Cambronne-lès-Clermont (French pronunciation: [kɑ̃bʁɔn lɛ klɛʁmɔ̃], literally Cambronne near Clermont) is a commune in the Oise department in northern France.
The town lies between the valleys of the rivers Brêche and Thérain. Like most towns in the Brêche Valley, Cambronne has stone quarries. The first were used there very long ago. In particular, they have provided the church and houses. Cambronne is known to have existed from the 9th century; and its name is of ancient origin. Its name comes from the words Camp (field) and Onna (source).
Cambronne took advantage of much of its unused land after the French revolution at the end of the 18th century, producing cereals, potatoes, beets, and corn. Cambronne had two windmills. One, that of Ars, produced oil at the beginning of 19th century. The other was near the path of Marteau and Carrières, where the water reservoir is located.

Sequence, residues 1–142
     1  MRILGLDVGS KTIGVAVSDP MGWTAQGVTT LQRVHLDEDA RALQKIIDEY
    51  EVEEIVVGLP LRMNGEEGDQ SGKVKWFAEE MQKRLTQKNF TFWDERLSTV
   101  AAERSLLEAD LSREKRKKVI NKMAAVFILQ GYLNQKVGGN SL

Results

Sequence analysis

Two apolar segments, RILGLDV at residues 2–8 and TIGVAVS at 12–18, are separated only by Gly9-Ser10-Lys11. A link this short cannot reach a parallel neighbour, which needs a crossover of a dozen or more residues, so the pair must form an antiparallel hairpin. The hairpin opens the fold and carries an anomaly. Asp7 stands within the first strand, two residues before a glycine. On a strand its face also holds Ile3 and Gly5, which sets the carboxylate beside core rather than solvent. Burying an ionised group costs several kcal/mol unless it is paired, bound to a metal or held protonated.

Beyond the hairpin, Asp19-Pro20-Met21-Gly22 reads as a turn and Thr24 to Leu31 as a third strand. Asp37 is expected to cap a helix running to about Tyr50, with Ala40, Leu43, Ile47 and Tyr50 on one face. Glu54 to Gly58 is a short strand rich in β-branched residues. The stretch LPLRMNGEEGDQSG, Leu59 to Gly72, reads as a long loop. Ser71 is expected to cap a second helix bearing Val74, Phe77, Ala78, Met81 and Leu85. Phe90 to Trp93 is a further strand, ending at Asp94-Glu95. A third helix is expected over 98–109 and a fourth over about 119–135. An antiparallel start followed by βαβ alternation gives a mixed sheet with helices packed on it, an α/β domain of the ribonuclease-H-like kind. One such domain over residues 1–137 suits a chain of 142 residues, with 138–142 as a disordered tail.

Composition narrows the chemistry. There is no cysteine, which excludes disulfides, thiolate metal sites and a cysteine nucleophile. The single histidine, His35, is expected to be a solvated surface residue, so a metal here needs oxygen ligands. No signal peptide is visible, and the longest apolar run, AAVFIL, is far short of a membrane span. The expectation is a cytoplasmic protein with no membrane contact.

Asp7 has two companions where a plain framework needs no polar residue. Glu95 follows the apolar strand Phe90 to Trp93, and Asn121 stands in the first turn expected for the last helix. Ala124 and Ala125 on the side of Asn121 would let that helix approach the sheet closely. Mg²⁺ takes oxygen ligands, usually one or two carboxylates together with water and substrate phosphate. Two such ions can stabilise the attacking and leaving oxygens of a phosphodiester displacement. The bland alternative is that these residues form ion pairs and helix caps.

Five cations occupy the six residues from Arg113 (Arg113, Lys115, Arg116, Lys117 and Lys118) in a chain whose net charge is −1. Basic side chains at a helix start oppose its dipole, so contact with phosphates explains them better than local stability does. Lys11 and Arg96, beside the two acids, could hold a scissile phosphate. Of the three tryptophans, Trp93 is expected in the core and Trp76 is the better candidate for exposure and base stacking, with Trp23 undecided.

The church of Cambonne is one of its most important and famous monuments. In December 1239, Robert Cressonesart ( Cressonsacq ), bishop of Beauvais, dedicated the church of Cambronne in Saint Etienne. Mathilde of Burgundy, the widow of Philippe de France, a son of Philip Augustus, had completed it. It had been under construction from perhaps the 10th century. It has also been a historical monument since 1875. Rectangular in shape, it is 42 meters long and 14 meters wide. The tip of the cross is 32 meters above the ground. The octagonal stone tower is quite remarkable. The interior features paintings of the period, including a large mural from the thirteenth century (Christ presiding over the Last Judgment). The church is situated on the crest of a hill and the tower can be seen from as far away as the plateau Brêche. The front, north side, and bell tower are from the twelfth century. The nave is from around the time of transition. The heart is a Gothic style lancet arch, making the south side higher than the north. Its ribbed vaults are carried higher than the nave. Elegant support pillars, above the main arches, are decorated with three lobed berries topped with large glass clubs. A straight wall finishes the choir, which is square, and the floor is higher than the nave. There are five chapels divided by the aisles. Remnants of paint can be seen in various places of the walls and the vault of the choir, and the large mural from the thirteenth century still clearly visible on the wall that marks the end of the nave. The former part of the original mortar remains the location of the bells. The four bells are from the nineteenth century. The church contains the family tombs of the Hédouvilles, Villains, and others. Some gravestones are in the choir. Others are sealed in the south wall. The remains of a cross of the eleventh century, situated near the church in the old cemetery, were classified as a historic monument April 2, 1927. Unfortunately, a vandal damaged the upper part of this ordeal at the beginning of the 2000s.
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